Each week, GolfChannel.com takes a look back at the week in golf. In this edition of After Further Review, our writers weigh in on the happenings in the desert in La Quinta, Calif., at the Humana Challenge and in Abu Dhabi at the Abu Dhabi HSBC Golf Championship.
While much attention will be paid to the footwork of Rory McIlroy and its costly consequences, my takeaway from this week's event in Abu Dhabi is the Ulsterman's consistent performance from tee to green.
Following a season that was more down than up, McIlroy began the new year in the desert with questions still lingering about the state of his game. He was largely able to silence them this week, though, with a T-2 performance in which he made just one bogey and one double in addition to Saturday's two-shot penalty that ultimately kept him from the trophy.
One event a year does not make, but this week McIlroy effectively built upon the momentum he garnered with a late-season win in Australia last month. If he is able to limit his mistakes this year as he did this week in Abu Dhabi, he's likely to return to the winner's circle on the PGA Tour sooner rather than later. - Will Gray
Even Phil Mickelson’s losses are our gain. He may not be the best player of his generation, but he’s the most entertaining, precisely because he courts risk and reward more fearlessly than any other player in the game today. Yeah, he blew it Sunday risking that right-handed play from under a bush at the 13th hole at Abu Dhabi. The double hit, leading to a triple bogey, was a dumb play, but that’s the risk Mickelson’s willing to take to pull off the magnificent.
If he weren’t, we never would have marveled over that derring-do, final-round shot he threaded through the narrow gap in the trees at the 13th hole at Augusta National when he won the Masters in 2010. Mickelson's gambles may not always be worth the risks, but they’re worth the price of admission. We’re fascinated because he can fail as spectacularly as he can succeed. Nobody can make you shake your head the way Mickelson does, in wins or losses. – Randall Mell
Patrick Reed won two NCAA titles at Augusta State, but he was always overlooked as one of the best players in college golf. Even though, in 2010, he beat Oklahoma State's Peter Uihlein in singles on his way to the title. Even though, in 2011, he topped Georgia's Harris English en route to the win, extending his NCAA match-play record to 6-0. The other players collected hardware. Reed, meanwhile, racked up high finishes and polished his game. Now, of course, he has joined English as a two-time PGA Tour winner, an impressive feat considering his 46 career starts. Overlooked? Not anymore. – Ryan Lavner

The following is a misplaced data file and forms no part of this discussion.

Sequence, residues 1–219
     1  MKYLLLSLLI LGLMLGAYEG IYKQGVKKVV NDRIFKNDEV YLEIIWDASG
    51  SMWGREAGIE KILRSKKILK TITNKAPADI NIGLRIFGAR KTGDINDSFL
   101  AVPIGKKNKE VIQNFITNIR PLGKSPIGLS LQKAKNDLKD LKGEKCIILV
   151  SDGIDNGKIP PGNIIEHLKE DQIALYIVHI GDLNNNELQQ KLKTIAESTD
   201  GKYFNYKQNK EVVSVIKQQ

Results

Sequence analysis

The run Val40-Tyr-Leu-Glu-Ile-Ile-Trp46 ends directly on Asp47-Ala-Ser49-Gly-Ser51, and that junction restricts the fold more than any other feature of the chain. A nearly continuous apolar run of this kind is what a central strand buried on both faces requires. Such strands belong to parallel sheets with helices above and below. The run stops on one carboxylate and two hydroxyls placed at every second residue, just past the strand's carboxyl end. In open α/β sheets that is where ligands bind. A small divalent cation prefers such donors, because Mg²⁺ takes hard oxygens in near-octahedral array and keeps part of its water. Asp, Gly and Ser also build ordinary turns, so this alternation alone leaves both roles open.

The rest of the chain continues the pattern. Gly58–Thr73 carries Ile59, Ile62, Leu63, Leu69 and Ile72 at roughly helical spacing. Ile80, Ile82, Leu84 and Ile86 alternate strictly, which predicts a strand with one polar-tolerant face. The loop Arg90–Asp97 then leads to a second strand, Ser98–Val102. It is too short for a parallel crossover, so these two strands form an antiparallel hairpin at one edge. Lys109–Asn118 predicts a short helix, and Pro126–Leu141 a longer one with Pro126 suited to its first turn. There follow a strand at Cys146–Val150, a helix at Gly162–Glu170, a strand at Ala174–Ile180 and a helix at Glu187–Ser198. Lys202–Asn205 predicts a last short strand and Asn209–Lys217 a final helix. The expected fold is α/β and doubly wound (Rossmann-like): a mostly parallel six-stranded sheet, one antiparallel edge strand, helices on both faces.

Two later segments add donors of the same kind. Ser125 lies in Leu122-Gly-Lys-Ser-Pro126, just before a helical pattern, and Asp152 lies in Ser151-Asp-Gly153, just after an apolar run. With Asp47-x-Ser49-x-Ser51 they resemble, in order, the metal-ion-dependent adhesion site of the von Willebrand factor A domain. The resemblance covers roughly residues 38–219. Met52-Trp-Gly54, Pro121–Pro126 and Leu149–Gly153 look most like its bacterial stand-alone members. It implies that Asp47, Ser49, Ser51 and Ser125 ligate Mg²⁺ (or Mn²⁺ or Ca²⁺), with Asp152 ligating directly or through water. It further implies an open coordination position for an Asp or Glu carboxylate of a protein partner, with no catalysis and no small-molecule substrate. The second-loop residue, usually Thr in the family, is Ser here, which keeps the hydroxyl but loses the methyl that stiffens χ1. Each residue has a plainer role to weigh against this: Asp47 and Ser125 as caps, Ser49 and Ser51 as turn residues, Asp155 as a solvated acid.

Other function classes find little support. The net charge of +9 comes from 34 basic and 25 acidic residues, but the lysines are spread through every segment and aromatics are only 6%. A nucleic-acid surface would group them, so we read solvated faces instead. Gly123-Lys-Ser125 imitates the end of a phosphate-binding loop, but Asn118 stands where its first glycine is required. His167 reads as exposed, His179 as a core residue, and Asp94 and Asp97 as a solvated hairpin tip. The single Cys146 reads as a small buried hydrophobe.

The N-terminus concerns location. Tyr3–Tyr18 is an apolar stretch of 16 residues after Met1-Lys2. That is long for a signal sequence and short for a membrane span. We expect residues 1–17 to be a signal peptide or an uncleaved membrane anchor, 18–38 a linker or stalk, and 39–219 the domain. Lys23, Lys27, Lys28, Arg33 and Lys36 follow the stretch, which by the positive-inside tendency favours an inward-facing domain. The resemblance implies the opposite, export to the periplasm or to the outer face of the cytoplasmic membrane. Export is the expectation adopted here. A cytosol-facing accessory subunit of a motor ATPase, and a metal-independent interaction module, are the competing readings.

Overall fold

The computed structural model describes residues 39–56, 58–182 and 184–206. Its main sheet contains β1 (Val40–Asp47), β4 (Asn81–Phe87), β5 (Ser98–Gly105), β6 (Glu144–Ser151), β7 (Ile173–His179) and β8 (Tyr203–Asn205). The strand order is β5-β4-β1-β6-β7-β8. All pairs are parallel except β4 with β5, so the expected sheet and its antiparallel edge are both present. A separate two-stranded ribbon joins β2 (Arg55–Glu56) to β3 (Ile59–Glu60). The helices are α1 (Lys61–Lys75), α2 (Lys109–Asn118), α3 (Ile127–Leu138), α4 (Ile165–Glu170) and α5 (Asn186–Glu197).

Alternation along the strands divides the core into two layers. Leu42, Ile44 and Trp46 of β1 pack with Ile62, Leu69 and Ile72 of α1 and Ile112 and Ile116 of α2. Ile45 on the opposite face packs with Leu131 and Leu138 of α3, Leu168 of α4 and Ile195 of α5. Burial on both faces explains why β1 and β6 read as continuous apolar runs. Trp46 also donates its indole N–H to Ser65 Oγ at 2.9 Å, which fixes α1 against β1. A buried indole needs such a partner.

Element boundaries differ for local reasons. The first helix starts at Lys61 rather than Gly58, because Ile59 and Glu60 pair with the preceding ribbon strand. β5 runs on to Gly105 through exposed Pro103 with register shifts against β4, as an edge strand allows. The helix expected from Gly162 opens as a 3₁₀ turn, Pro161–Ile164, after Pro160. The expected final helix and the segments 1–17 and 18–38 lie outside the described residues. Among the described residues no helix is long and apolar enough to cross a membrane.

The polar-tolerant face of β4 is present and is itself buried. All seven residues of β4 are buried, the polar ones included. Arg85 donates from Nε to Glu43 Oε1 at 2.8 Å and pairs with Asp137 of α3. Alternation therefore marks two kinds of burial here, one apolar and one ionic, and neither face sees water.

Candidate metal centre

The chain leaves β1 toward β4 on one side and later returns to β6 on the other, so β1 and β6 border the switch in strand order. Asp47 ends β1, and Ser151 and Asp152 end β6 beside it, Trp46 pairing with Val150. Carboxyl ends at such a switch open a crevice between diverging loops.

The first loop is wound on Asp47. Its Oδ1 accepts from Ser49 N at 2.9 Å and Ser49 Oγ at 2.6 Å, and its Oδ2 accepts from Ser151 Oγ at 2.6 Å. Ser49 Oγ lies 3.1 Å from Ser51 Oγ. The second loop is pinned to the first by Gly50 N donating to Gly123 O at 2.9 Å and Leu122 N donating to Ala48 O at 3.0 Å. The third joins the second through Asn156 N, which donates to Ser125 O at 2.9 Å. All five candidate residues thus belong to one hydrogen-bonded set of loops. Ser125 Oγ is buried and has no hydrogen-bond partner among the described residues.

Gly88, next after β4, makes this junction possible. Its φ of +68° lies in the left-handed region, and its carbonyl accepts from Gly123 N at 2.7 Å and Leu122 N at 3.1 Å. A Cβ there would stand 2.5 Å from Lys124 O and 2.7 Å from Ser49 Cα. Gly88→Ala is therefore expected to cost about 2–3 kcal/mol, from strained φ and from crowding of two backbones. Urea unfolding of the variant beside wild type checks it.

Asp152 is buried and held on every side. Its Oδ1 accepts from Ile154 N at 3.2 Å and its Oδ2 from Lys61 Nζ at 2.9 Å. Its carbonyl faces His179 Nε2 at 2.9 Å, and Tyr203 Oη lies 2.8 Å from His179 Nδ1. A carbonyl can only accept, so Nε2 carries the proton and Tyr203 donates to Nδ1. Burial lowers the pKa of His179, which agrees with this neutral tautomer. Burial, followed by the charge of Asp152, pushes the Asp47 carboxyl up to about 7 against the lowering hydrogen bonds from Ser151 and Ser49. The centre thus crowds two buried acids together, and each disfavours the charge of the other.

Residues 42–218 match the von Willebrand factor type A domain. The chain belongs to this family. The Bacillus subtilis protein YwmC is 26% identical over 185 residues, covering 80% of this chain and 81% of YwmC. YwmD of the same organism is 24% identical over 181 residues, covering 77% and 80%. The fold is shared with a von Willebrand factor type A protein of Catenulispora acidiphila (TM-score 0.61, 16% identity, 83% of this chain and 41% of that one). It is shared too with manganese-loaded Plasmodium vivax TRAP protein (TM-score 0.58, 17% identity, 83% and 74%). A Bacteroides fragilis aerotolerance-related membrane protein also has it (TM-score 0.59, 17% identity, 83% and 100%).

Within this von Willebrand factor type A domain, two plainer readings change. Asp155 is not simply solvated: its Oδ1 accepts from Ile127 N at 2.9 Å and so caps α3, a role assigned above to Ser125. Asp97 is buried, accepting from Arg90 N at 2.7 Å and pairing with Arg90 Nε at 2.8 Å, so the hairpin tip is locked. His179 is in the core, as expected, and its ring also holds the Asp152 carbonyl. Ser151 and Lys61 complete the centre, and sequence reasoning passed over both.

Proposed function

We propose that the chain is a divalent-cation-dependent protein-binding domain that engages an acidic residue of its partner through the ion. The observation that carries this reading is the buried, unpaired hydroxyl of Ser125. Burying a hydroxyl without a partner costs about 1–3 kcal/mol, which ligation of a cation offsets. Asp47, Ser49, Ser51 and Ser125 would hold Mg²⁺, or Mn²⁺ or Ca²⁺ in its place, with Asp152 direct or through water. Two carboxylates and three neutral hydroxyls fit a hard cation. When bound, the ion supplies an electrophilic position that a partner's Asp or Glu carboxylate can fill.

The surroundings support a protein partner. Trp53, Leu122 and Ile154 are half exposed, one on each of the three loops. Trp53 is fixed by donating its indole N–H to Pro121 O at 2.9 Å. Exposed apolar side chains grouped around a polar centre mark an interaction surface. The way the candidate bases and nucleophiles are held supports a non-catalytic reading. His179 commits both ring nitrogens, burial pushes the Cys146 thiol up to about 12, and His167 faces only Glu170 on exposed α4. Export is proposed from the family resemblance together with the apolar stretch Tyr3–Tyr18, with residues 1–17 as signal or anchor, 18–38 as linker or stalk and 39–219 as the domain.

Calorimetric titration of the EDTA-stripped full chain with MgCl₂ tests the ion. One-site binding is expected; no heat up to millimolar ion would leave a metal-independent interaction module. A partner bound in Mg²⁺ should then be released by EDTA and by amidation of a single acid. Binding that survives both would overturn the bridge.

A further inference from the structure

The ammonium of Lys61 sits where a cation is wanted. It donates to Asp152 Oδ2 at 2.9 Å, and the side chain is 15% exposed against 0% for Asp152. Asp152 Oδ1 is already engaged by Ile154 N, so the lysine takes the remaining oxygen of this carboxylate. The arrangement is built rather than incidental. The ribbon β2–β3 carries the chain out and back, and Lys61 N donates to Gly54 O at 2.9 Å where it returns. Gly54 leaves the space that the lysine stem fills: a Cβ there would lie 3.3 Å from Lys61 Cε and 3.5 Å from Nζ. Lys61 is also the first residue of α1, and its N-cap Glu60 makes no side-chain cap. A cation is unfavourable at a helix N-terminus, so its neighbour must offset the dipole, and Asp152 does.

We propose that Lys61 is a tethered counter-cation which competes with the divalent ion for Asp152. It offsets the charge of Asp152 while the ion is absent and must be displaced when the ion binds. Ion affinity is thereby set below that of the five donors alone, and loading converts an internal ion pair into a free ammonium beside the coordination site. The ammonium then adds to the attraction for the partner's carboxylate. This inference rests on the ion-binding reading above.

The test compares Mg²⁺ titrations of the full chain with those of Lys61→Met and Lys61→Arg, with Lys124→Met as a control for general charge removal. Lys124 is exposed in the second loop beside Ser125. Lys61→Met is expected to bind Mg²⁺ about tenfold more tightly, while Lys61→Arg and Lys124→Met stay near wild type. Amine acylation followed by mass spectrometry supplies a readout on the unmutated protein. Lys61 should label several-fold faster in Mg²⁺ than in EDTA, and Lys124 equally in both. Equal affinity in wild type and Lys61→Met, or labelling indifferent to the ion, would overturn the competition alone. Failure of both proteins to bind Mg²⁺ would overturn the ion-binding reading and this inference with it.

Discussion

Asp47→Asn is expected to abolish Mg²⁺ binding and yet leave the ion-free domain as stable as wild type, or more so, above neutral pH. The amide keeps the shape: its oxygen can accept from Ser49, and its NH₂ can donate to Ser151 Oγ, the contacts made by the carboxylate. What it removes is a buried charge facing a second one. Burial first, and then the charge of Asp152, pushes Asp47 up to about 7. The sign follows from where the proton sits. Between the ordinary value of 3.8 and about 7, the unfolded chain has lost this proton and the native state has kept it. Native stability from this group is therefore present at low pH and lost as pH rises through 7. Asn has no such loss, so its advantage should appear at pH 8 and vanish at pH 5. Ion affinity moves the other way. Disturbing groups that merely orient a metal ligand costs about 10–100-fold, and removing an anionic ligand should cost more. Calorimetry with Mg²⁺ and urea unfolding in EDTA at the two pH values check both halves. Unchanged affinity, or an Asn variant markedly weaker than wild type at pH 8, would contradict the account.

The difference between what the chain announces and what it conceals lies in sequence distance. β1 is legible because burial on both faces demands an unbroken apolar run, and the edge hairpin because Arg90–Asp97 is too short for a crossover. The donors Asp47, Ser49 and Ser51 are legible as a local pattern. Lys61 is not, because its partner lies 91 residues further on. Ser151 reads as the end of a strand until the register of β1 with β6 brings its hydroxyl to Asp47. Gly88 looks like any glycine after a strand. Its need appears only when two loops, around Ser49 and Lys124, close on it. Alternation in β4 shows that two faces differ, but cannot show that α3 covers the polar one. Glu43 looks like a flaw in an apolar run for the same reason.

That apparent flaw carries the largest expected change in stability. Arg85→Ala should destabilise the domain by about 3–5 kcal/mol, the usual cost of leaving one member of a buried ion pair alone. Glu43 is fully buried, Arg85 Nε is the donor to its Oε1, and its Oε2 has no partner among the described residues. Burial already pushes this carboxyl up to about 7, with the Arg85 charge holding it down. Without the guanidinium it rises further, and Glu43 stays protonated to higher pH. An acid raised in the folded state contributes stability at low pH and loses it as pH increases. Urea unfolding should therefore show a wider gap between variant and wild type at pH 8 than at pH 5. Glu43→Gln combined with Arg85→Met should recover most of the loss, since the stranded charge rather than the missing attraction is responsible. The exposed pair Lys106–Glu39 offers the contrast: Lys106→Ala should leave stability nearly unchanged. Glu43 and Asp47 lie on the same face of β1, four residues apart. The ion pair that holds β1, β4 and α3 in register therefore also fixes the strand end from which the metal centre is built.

It seems stories of the old Bob Hope Classic’s demise were greatly exaggerated. There was a time, not that long ago, when one of the PGA Tour’s oldest stops seemed destined for extinction, an imperfect storm brought on by a poor golf course rotation and a parade of disengaged title sponsors. But in 2012 Humana stepped in with a mission to raise awareness of health and wellness in the United States, and enlisted the help of former President Bill Clinton and his foundation. The result has been a revitalized event with an ever-improving field and a purpose. Hope would be proud. – Rex Hoggard
Joey Sindelar once told me that he loved starting his year at the old Bob Hope, because it would give him a guaranteed four rounds (now three) to thaw out from his Horseheads, N.Y., home in less brutal conditions. That message remains. A winning score of 28 under, a cut line at 9 under - some may call it too easy. Or even worse, they’ll use this tourney as Exhibit A in their case against Golf As We Know It, claiming players are too strong, equipment is too dialed in and courses are too obsolete. That would be too nearsighted a view, though. There's nothing wrong with an early-year birdiefest to help eliminate those cobwebs. It doesn't have to endure as commentary on the state of the game. - Jason Sobel
Lost in the focus the past two days over Patrick Reed in the California desert and Rory McIlroy and Phil Mickelson in the Abu Dhabi desert was the most remarkable performance of the weekend. Zach Johnson wrapped up an incredible stretch of golf with a best-in-field 10-under 62 on Sunday. That gave him a T-3 finish to go along with his wins in the Northwestern Mutual World Challenge and Hyundai Tournament of Champions and a T-8 in the Sony Open in Hawaii. Johnson won’t play again until the WGC-Accenture Match Play Championship at the end of February. Here’s hoping he comes back just as hot as he is now. – Al Tays